Only after a wave of anti-Semitic incidents in 1959-1960 did the German educational system react with a series of reforms, including the mandatory inclusion of National Socialism into history and political science curricula. There were 500 incidents in February 1960, including the desecration of Jewish cemeteries and swastika graffiti, which also caused foreign uneasiness.
The speech of former Interior Minister Gerhard Schröder from the Christian Democratic Party in the Bundestag debate of February 8, 1960, is a classic example of how history was understood within the framework of restoration and traditional national structures, including anti-Communism. Schröder regretted that West Germany lacked "a general pedagogical model" and "a common understanding of German history," resulting in "significant uncertainty in (west) German schools." In the Weimar Republic, "German democracy was unfortunately unable to secure a positive image."
Therefore, it was "unfortunately very difficult to make the concept of freedom or even the concept of citizen's liberty viable in the classroom." Schröder linked this problem to the fact that teachers "neglected their duty because of expediency, lack of courage or insight, or secret sympathy with National Socialism," but added that "many teachers also were under pressure from parents who did not wish their children to learn the truth about National Socialism." Parental resistance resulted in "the repudiation at home of what was learned about contemporary history." To remedy these deficiencies, he recommended moral and religious education both in and outside of school in order to "protect young people against temptations of intolerance, political excesses, and inhumanity of Nazi and communist totalitarianism."
Around 1960, the realistic presentation of the full extent of persecution and killing began in West Germany, because of the previously mentioned incidents and growing criticism of insufficient political confrontation with Nazi criminality. However, during the 1960s and 1970s the description of the fate of the Jews continued to over-emphazise the ideology and organizational structure of National Socialism within the context of the Final Solution," that is the perpetratorvictim perspective. As these examples show, the study of Nazi crimes concentrated almost exclusively on the persecution and murder of the Jews. The perpetrators were not specifically identified. The fate of the Jews was often explained as a catastrophe, thereby removing any specific link to the framework of German history.
Careless use of terminology and language derived from the "Third Reich" for describing Nazi German crimes continued in textbooks well into the late 1970s. This linguistic ineptitude also reflected emotional detachment from the victims.
In July 1962, the Standing Conference of State Cultural Ministers (KMK) recommended in the Guidelines for Dealing with Totalitarianism that school textbooks about recent and contemporary history deal with "communism and National Socialism as similar phenomena." Analyses of textbooks in the 1960s confirmed that despite substantial improvements in information and differentiation with the inclusion of recent research, particularly from the Institute for Contemporary History in Munich, considerable inadequacies nevertheless still existed in the chapters on National Socialism. There were very few changes in the way classes were taught, since teachers who had themselves been directly involved in National Socialism were still in charge and avoided the subject. The pedagogical discussions of the 1960s were primarily concerned with methodological questions, such as how to deal with the sheer quantity of material and whether to personalize the history presentation. Factual knowledge did not result in changed opinions or attitudes and was consistently overlooked. Only toward the end of the 1960s did the influence of the social sciences and, belatedly, the "critical theory" of Adorno and Horkeimer's "Frankfurt School," become important components of the way history and politics were taught.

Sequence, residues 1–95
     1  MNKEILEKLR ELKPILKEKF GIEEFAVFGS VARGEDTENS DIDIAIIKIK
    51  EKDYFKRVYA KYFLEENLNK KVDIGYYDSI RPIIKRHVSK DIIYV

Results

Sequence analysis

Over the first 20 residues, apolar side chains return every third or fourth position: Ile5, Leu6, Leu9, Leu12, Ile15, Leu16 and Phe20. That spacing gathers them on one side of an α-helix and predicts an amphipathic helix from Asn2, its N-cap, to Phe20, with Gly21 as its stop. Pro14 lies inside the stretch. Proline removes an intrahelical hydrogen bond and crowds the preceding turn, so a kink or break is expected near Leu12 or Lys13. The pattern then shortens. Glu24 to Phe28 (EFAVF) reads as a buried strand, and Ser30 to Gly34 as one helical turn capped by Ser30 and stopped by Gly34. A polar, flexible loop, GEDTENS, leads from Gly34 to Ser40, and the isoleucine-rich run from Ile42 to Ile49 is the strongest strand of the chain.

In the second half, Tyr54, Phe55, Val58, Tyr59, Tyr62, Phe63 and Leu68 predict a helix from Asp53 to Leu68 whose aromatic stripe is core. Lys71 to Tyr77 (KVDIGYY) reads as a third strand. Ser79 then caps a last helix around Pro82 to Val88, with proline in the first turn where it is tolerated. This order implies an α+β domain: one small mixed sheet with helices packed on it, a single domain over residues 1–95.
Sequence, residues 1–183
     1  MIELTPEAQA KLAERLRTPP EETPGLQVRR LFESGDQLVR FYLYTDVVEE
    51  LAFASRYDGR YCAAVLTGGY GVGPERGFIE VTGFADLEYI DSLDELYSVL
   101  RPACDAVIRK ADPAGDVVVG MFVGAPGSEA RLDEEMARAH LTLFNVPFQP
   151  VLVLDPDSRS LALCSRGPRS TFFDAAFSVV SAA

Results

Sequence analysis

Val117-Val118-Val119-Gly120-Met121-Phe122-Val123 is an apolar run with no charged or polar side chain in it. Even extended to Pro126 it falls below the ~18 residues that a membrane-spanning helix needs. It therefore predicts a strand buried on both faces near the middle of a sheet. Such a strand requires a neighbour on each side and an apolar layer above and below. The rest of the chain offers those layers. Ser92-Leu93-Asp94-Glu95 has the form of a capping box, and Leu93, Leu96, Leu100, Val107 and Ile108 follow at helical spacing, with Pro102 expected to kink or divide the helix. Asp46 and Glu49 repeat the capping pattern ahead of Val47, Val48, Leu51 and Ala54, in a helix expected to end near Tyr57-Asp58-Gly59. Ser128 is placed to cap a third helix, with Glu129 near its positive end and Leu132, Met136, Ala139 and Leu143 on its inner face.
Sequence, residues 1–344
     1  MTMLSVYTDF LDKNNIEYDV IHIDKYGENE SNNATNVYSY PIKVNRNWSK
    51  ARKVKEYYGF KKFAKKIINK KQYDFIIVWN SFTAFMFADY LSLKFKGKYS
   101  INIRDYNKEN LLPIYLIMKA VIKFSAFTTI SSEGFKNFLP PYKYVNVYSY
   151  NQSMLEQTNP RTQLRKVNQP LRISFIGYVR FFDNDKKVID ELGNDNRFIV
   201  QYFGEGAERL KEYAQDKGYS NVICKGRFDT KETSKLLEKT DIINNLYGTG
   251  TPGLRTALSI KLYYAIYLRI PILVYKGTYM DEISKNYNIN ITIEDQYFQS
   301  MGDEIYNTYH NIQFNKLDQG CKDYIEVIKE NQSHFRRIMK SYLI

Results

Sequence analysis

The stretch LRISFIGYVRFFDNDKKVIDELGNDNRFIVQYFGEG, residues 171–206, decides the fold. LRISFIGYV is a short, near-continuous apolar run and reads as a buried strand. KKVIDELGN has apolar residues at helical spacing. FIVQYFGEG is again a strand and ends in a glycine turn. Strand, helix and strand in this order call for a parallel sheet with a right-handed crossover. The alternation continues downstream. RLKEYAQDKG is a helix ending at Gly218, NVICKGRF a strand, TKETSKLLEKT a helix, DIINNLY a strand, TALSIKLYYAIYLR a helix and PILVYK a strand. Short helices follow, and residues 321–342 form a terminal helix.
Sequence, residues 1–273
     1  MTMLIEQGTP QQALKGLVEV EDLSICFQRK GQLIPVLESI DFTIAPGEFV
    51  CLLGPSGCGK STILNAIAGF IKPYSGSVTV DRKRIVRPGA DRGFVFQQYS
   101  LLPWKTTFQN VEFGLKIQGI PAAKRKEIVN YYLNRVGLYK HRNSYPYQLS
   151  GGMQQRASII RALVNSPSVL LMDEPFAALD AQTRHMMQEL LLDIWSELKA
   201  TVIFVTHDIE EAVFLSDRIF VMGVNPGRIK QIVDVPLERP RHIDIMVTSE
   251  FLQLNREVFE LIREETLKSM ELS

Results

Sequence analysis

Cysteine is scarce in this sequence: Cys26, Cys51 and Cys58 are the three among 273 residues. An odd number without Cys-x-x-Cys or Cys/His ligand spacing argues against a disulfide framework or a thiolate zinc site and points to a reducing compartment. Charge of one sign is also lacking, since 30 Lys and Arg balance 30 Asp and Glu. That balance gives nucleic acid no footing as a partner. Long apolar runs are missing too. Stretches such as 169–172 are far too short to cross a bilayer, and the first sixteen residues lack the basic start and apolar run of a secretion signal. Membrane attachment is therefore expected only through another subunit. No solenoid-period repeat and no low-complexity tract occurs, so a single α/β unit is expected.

Political education became politicized and polarized in the wake of the student movement of 1968 and the change to a socially liberal coalition government. Whereas "leftist" (Social Democratic) teachers and legislators advocated "emancipation and democratization" and the readiness to act for social change, conservatives (Christian Democrats) opposed socially liberal educational policies by making political education an opposition theme, and utilized it to regain political power. The effects of this encroachment of party politics into political education are still evident on the state level, including the selection of textbooks and different classroom objectives.
The general guidelines of the state of Hesse resulted in the most radical reform of history teaching, replacing it with interdisciplinary "social sciences" [Gesellschaftskunde]. Instead of a chronological approach to history organized by nation-states, these guidelines began with topical questions and thematic units. There was strong opposition to this model, and it remained limited to Hesse.
Almost all well-known West German specialists in methods for teaching history participated in the debate about a new direction for teaching history as being separate from canons of academic history. Despite many positive aspects of an emancipatory approach to teaching history, many teachers found the abstract nature of empirical social history frustrating and flawed. This resulted in a "pragmatic change" of direction in 1977 and ultimately in a consensus that cut across political divisions.